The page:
White’s voice shines alongside Cullaz’s guitar on Reisfeld, Fryberg, Marbot and Dick’s sweet ballad, “Call Me Darling.” Chuck Meyer and Biff Jones’s “Disenchanted Lady” is dramatically performed and Bob Russell and Harold Spina’s “Would I Love You (Love You, Love You)” is a sad ballad with tenor sax accents over a warm horn section. Castro and Joe Lubin’s “Bossa Nova All the Way” is an attempt to take advantage of the bossa craze. Irving Berlin’s “Say It Isn’t So” is stripped down to voice, sax, piano and rhythm section, while the band is back for the brief and spirited take on Jule Styne, Betty Comden and Adolph Green’s “Just In Time.”

The program concludes with a hushed version of Duke Ellington, Irving Mills and Barney Bigard’s “Mood Indigo” with nice features for trumpeter Grey, saxophonist Davis and guitarist Cullaz. Fats Waller and Andy Razaf’s “Honeysuckle Rose” is a jaunty blues featuring a warm tenor solo, while Bart Howard’s “My Love Is a Wanderer” is a lilting ballad with White singing in an almost operatic style.

Duke and White returned to the States on December 6th. Unhappy with some of the original vocals recorded in France, White went into the studio in Los Angeles to overdub new vocals on January 12, 1966. Two days later, she was back in the studio with a band led by pianist Eddie Bell to record a new version of what Castro hoped would be his hit, “Bossa Nova All the Way.”

While pressings were being made of singles and long playing records and ads flaunted a new label in the wings, Clover was going through upheaval. In late April, Castro and Duke resigned from the board of the label. Their personal and professional relationship was finally at an end. Duke implored Peter Brookes to work the newly released Kitty White record harder. Though the record was released, as Kitty White (CL/CLS -1229), it never managed to develop any steam and languished as Clover subsequently failed.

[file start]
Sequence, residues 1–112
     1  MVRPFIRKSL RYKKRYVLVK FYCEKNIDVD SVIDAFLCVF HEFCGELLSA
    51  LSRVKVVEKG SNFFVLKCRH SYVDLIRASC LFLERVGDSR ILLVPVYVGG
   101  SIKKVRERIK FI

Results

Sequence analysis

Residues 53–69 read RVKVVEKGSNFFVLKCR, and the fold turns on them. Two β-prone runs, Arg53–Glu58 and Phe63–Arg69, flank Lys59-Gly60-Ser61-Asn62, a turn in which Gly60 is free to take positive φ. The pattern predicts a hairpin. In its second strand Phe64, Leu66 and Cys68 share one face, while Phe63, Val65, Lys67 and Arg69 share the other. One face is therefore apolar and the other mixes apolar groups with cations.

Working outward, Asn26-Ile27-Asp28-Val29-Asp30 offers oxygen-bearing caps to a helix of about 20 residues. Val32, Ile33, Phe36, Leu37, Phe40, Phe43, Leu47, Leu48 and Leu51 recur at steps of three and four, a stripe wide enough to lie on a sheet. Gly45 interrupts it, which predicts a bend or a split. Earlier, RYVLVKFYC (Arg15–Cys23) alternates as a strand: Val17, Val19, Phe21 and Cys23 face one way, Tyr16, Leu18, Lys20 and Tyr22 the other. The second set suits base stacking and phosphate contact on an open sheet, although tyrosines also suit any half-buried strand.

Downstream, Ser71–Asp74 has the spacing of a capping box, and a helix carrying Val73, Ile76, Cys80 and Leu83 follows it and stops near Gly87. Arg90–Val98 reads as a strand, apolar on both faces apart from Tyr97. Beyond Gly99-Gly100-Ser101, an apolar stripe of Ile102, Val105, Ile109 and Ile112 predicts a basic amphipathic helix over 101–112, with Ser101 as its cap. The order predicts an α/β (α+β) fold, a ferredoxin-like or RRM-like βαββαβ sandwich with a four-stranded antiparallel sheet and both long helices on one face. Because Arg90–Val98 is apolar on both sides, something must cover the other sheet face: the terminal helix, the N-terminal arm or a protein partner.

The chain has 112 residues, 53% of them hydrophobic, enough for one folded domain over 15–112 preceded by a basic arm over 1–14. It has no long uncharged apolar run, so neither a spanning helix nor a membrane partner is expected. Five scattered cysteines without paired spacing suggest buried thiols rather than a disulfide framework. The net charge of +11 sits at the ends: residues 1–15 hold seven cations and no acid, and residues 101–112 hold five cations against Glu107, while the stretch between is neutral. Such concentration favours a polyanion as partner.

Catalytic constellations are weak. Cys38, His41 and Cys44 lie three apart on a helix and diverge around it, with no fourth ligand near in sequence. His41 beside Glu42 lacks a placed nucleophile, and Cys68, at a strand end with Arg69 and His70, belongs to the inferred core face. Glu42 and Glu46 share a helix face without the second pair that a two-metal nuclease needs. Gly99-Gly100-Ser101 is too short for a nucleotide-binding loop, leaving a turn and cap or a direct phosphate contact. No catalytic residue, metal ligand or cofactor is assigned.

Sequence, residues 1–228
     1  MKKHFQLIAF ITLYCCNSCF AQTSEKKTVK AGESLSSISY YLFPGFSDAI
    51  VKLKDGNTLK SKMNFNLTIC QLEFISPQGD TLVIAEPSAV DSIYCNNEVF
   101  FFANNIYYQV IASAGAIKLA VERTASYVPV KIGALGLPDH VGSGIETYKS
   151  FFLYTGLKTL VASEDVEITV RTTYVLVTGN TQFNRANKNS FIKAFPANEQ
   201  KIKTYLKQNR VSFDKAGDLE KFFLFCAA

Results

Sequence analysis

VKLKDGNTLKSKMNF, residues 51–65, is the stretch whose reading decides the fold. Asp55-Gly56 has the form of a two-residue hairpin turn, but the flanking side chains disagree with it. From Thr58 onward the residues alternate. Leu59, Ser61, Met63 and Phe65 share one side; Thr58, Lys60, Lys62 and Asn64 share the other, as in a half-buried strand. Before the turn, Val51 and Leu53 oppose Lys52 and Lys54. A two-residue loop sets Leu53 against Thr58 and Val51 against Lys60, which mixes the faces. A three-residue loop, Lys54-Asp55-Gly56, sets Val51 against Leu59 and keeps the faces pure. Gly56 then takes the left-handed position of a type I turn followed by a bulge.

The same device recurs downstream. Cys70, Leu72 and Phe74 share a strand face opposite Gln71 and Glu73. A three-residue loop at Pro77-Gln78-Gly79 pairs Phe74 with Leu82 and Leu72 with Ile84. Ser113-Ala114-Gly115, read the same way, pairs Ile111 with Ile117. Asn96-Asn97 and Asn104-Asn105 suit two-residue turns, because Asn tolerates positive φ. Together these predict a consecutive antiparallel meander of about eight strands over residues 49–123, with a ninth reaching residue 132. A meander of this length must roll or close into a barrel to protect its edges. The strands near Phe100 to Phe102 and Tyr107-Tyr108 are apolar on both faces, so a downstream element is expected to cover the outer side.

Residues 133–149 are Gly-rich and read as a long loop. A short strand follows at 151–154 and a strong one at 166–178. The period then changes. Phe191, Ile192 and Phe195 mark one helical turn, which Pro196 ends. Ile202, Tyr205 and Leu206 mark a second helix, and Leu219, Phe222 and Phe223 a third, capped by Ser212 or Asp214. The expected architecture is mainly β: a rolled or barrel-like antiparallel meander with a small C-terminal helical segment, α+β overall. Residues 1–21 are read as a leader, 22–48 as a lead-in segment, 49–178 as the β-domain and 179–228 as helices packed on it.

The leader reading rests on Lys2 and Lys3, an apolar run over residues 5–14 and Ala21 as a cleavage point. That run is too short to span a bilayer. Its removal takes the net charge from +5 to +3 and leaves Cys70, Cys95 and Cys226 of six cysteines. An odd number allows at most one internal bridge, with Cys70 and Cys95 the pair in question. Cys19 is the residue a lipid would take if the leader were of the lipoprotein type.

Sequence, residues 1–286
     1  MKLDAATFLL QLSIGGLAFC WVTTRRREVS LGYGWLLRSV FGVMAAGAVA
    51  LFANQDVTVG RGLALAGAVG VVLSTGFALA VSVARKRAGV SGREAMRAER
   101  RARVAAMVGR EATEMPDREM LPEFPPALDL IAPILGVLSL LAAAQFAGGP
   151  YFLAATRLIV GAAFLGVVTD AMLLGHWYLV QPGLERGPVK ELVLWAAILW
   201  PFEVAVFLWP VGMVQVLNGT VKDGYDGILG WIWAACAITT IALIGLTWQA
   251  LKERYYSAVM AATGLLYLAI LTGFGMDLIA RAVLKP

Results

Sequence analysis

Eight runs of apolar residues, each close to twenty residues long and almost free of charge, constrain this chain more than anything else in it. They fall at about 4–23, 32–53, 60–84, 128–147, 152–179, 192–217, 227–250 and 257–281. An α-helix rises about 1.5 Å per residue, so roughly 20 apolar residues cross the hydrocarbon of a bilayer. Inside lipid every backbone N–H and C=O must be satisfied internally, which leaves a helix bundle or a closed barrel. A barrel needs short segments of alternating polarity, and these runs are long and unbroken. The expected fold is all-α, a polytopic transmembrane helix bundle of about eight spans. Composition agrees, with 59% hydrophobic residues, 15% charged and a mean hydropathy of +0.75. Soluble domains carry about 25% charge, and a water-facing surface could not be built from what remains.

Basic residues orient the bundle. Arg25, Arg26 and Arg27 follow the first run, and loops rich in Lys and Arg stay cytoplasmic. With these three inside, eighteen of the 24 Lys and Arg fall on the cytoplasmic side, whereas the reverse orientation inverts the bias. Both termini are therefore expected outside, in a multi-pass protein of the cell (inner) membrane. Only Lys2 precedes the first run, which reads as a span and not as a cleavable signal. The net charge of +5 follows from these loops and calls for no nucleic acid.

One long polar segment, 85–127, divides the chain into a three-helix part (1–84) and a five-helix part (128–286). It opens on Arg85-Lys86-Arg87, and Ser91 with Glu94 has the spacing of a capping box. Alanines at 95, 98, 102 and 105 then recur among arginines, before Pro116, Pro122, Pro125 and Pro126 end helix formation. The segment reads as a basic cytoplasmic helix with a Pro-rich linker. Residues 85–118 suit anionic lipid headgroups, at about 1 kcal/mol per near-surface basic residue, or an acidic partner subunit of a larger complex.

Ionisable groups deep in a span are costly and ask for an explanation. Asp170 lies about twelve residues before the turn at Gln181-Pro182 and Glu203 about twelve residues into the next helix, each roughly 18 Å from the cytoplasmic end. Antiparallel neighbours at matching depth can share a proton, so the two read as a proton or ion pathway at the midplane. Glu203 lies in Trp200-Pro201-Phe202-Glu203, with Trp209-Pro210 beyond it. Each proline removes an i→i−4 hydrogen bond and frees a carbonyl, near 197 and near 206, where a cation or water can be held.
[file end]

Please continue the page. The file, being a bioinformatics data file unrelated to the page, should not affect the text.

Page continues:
Tracklist:

1. Visit Me (2:00)
2. Summer in the City (2:51)
3. My Kind of Guy (2:07)
4. Happiness Is a Thing Called Joe (3:23)
5. So Many Beautiful Men (So Little Time) (2:11)
6. Do It Again (1:41)
7. Call Me Darling (Call Me Sweetheart, Call Me Dear) (2:02)
8. Disenchanted Lady (2:36)
9. Would I Love You (Love You, Love You) (2:44)
10. Bossa Nova All the Way (1:57)
11. Say It Isn’t So (2:16)
12. Just in Time (1:49)
13. Mood Indigo (3:04)
14. Honeysuckle Rose (Bonus Track) (2:59)
15. So Many Beautiful Men (So Little Time) (Bonus Track) (2:17)
16. My Love Is a Wanderer (Bonus Track) (3:00)

Kitty White – vocals, piano
Art Simmons – arranger, director
Sonny Grey – trumpet (2, 3-9, 11-14)
Melih Gürel – French horn (2, 3-9, 11-14)
Nathan Davis – flute, tenor saxophone (2, 3-9, 11-14)
Hal Singer, Johnny Griffin, Dexter Gordon, Jean-Louis Chautemps – tenor saxophone (2, 3-9, 11-14)
Jacques Nourredine – baritone saxophone (2, 3-9, 11-14)
Pierre Cullaz – guitar (2, 3-9, 11-14)
Jimmy Woode, Michel Gaudry – bass (2, 3-9, 11-14)
Kenny Clarke – drums (2, 3-9, 11-14)
Teddy Edwards – tenor saxophone (2, 10)
Eddie Beal – piano (2, 10)
Vernon Polk – guitar (2, 10)
Wilfred Middlebrooks – bass (2, 10)
Billy Moore – drums (2, 10)
Jack Costanzo – bongos, güiro (2, 10)
Eddie Beal – director (2, 10)
Helen Perry – bass (15, 16)